Sunita Narain on the lessons from the ongoing #FridaysForFuture demonstrations
Greta Ernman Thunberg is a 16-year-old Swedish school girl who is rocking the world with her protest against inaction on climate change. In August 2018, as Sweden was gearing up for its national elections, she decided not to go to school, but to sit outside to raise the flag on the need to do more, much more to combat deadly climate change. At first, it is said, she was alone but as she persisted and persisted, her voice got louder and louder. Now she sits in protest every Friday outside her school urging the world to act. And with her, at the last count, Friday of mid-March some 1,650 strikes were on in over 100 countries.
What Greta and her fellow youth are asking is simple and straight, “If climate change happens, as predicted and now more or less certain, then what is our future?” This is a fact. The inheritors are asking, what are you leaving for us? What are you doing?
I don’t know how far Greta’s organic movement will go — will it get exhausted, irrelevant or just disappear as the youngsters get older and the reality of livelihood takes over. But I hope it will not go away. I hope it will continue to rage and rant and spread across our world. I hope it will capture the imagination of the young; gather their desperation and all this will make its way into their parents’ company boardrooms and ministerial offices. I hope it will not shush down. I hope it will not become like the old — like us.
Because there is one more chance for us to make this work. The fact is if we reconfigure our measurement of progress so that it is built on measuring the wellbeing of our children, then the Planet may just survive. We know today that children are not just the inheritors of the future warmer world. We know also that environmental destruction and toxification has the worst impact on their lives. So, make them the centre of the universe of development. Measure growth through their wellbeing.
We know that the lack of access to safe sanitation impinges on children’s lives, not just wellbeing — it leads to malnutrition, stunting and high disease burden, including death. We make this our way to understand if sanitation is improving or not, not just counting toilets. Then we know that the availability of the toilet is not enough, human excreta has to be taken back and made safe for reuse. If not, it will pollute water and spread diseases, including vector borne. So, let’s start measuring pollution through data on the growth of malaria or diarrhoea.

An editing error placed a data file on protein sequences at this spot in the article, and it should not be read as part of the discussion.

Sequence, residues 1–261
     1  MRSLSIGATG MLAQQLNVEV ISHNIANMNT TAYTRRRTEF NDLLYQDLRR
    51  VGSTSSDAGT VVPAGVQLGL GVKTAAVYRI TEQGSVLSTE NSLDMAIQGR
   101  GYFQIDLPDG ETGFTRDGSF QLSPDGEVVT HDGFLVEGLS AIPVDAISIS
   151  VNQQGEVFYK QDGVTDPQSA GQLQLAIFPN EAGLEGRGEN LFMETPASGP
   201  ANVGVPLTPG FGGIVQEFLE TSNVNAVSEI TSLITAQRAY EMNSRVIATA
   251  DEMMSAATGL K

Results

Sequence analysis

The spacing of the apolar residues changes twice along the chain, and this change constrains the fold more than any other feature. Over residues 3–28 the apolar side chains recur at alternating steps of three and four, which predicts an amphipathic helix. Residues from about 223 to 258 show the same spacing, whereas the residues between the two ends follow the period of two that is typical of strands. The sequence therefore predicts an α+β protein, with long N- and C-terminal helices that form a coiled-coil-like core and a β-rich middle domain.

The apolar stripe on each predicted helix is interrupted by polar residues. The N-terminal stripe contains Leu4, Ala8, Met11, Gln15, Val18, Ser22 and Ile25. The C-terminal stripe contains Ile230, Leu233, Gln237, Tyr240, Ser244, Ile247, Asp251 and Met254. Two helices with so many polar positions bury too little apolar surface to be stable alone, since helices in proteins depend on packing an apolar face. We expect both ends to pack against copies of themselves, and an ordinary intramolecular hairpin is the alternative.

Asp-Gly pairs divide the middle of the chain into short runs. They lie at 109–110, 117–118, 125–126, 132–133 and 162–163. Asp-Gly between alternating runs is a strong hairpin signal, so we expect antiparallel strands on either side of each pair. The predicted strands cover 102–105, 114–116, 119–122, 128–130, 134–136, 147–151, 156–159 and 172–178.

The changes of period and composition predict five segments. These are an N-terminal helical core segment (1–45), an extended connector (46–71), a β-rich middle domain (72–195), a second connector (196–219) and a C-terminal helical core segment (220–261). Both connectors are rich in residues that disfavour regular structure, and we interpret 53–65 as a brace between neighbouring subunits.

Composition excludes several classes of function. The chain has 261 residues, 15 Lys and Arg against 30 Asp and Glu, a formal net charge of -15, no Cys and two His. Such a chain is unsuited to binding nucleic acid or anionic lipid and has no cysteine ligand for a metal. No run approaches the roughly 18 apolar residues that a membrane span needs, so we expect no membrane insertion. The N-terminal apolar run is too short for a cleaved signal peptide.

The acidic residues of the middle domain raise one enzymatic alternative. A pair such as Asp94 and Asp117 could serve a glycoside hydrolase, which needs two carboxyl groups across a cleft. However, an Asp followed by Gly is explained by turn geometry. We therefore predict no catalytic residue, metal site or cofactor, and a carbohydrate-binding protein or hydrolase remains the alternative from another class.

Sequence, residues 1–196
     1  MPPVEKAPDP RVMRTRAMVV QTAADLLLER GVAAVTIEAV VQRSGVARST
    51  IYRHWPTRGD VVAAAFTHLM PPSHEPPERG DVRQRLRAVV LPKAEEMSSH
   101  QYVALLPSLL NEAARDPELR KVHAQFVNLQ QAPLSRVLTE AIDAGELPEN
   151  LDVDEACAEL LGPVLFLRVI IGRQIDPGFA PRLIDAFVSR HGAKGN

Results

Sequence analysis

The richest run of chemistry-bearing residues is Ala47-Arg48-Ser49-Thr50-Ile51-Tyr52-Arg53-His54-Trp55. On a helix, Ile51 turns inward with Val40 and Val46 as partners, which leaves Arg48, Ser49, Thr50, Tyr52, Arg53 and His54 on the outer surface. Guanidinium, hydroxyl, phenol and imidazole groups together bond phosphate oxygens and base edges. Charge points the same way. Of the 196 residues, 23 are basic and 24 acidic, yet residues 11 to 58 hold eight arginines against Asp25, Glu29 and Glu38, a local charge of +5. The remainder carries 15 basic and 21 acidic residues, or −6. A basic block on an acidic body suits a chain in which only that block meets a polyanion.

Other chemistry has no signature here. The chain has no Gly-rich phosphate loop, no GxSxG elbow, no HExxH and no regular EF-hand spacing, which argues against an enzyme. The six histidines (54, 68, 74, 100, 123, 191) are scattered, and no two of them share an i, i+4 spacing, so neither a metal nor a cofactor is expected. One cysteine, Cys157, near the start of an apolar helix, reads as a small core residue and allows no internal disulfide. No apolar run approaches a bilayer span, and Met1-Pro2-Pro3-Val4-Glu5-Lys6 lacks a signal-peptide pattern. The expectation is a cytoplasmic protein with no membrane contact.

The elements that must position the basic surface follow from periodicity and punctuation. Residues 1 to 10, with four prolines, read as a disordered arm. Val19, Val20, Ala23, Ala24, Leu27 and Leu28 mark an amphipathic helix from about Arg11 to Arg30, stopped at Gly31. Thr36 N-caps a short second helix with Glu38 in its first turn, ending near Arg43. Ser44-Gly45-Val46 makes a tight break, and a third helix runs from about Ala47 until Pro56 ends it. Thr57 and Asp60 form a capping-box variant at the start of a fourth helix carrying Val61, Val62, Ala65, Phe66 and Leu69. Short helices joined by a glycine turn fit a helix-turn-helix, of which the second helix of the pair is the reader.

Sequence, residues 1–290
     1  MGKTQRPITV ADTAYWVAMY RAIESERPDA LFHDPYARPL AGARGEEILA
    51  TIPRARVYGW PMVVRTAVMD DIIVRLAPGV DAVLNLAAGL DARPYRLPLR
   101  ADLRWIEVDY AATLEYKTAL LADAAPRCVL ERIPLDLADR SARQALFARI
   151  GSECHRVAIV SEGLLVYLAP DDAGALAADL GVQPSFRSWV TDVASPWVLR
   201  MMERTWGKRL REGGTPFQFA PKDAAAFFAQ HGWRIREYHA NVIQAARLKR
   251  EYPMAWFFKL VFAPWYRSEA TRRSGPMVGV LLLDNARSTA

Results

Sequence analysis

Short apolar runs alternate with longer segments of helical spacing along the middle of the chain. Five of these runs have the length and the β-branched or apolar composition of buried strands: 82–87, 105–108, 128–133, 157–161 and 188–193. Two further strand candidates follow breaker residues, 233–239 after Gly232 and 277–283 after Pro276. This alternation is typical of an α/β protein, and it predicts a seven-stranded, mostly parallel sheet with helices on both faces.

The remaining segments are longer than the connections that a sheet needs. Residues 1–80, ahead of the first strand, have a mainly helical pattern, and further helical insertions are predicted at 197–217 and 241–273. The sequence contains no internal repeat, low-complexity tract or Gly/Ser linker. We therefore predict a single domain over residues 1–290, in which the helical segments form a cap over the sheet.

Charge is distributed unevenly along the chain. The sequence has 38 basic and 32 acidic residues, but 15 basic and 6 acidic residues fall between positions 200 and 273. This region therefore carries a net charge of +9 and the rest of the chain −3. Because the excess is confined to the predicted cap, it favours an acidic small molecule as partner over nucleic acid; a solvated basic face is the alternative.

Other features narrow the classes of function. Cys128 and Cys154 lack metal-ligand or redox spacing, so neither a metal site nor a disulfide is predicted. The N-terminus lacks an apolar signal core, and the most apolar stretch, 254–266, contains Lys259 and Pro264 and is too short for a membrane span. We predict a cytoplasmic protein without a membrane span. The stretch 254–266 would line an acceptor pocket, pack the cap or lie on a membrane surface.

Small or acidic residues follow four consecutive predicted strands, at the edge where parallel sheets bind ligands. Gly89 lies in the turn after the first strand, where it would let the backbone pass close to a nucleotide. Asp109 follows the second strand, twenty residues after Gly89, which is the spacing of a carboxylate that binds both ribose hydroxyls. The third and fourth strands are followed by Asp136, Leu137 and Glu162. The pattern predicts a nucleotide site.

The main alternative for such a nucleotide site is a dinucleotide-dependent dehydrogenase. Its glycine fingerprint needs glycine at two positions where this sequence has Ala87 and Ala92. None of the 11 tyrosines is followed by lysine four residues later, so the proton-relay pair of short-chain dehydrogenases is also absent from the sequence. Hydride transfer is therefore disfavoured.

Similarly, the lack of clean energy in homes is another wicked problem; women cooking on biomass fuel suffer from killer respiratory disorders. Lower respiratory tract infections remain the top causes of children and adolescent mortality in the world. Even as the world needs to re-invent its energy system to mitigate greenhouse gas emissions that cause climate change, it also needs to do much more to provide energy to the poorest in the world. Then there is the challenge of toxification because of air in cities, which is showing up in the increased disease burden, particularly of children. So, lets measure progress to clean energy or clean air through the health of our children.
There is also no doubt that education — ideally good and meaningful — changes lives. There is also enough evidence that educating the girl child is the beginning of the change in the fertility and population trajectory of a country. Their empowerment is real power as an educated young woman is the first to take charge of her mind and her body. It’s also clear that education will build more informed consumers — the inheritors cannot take on the same lifestyle and expect to save the planet.
It is also clear that livelihoods are critical — the insecurity of the young comes from their lack of jobs in this increasingly automated world. What will they do? What are the skills that will build the new world, which will not add to the crisis of climate change? Have we built jobs that are in the green economy? This is the question that will work, not just to build futures, but also correct the present.
In this way we will measure the health of the planet through the health and wellbeing of our young. We will build hope that we are working towards a new future—the one Greta Thunberg and millions like her are calling us to ensure. Today, not tomorrow.
Sunita Narain, Editor of Down To Earth, has been included among 'The World's 100 Most Influential People in Climate Policy' by Apolitical, a global network for government, helping public servants find the ideas, people and partners they need to solve the hardest challenges facing our societies
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